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Good day all,

 

I'd like to take this opportunity to respond to some of the questions/accusations made in this thread. First and for most I'd like to thank those that have shown support what our boys did and why. Also, I'd like to thank those that have asked the "hard" question, and to this I wish to reply. Also, a quick note, I was made privy of this forum by a parent from my den who stumbled across this conversation. She was so taken back by some of the comments that she contacted me right away and sent me the link. I only just joined minutes ago so that I may respond to some of the questions/accusations and possibly shed light on what and how the event came about.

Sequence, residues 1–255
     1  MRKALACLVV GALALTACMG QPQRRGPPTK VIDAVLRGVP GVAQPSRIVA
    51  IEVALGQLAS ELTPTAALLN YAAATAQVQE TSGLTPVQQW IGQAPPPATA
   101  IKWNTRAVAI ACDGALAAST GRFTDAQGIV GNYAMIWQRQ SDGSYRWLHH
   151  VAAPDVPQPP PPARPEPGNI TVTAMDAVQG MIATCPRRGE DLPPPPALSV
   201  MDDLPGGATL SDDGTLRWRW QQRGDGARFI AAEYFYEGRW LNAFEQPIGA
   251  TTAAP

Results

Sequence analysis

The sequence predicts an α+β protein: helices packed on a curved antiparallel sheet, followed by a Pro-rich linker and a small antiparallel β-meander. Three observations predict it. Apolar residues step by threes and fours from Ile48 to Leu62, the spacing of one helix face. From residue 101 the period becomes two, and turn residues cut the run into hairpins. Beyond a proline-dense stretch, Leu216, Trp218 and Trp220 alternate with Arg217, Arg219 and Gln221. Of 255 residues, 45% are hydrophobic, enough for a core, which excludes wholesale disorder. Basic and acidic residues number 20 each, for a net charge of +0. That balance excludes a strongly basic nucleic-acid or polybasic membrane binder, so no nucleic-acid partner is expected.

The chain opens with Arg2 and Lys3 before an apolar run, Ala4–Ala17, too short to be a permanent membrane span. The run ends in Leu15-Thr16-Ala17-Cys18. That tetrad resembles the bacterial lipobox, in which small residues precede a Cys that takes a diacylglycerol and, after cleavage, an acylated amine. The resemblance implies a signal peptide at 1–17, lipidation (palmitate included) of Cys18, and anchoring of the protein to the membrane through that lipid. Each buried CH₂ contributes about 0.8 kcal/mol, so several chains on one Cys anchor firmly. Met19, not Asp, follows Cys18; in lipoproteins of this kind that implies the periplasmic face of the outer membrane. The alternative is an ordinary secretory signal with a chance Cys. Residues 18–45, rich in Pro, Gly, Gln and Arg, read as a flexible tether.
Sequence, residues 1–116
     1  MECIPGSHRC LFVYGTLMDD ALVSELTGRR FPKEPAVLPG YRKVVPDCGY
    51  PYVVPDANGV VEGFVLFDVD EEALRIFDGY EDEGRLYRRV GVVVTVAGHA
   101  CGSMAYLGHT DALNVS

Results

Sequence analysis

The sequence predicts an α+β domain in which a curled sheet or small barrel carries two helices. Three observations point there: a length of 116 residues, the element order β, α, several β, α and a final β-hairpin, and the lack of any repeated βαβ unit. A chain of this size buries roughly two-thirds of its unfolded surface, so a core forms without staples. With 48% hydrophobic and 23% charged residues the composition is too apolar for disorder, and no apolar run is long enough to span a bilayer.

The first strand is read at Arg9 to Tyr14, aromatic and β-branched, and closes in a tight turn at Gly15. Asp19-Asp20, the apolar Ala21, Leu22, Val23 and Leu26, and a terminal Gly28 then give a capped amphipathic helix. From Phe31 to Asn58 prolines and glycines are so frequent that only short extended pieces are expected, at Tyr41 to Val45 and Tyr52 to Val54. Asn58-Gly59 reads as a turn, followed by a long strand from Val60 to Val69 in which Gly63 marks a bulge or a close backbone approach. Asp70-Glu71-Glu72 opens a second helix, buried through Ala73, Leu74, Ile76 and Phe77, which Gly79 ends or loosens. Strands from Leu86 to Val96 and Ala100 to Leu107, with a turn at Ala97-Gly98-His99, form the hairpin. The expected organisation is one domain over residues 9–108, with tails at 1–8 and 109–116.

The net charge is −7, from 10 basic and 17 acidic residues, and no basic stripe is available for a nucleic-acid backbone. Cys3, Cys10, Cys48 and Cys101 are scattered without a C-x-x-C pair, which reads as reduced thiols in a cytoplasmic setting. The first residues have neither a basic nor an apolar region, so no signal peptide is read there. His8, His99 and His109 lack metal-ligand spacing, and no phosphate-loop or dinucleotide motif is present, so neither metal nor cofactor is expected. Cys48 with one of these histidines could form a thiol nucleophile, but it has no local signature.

First off, I'm the fella who organized the event. It simply started off as a den activity which I thought my recently awarded Bears would enjoy. What a great way to make the transition from a Wolf to a Bear than to do it by participating in a "Polar Bear Plunge"! When I first suggested it to my den/parents, the boys were all for it, the parents, not so much. Shortly into the planning stage though it was suggested that if we indeed were going to do the plunge, why not have the boys jump for a cause. What better cause then to jump in behalf of our Assistant Cub Master who had recently been diagnosed with stage four lung cancer.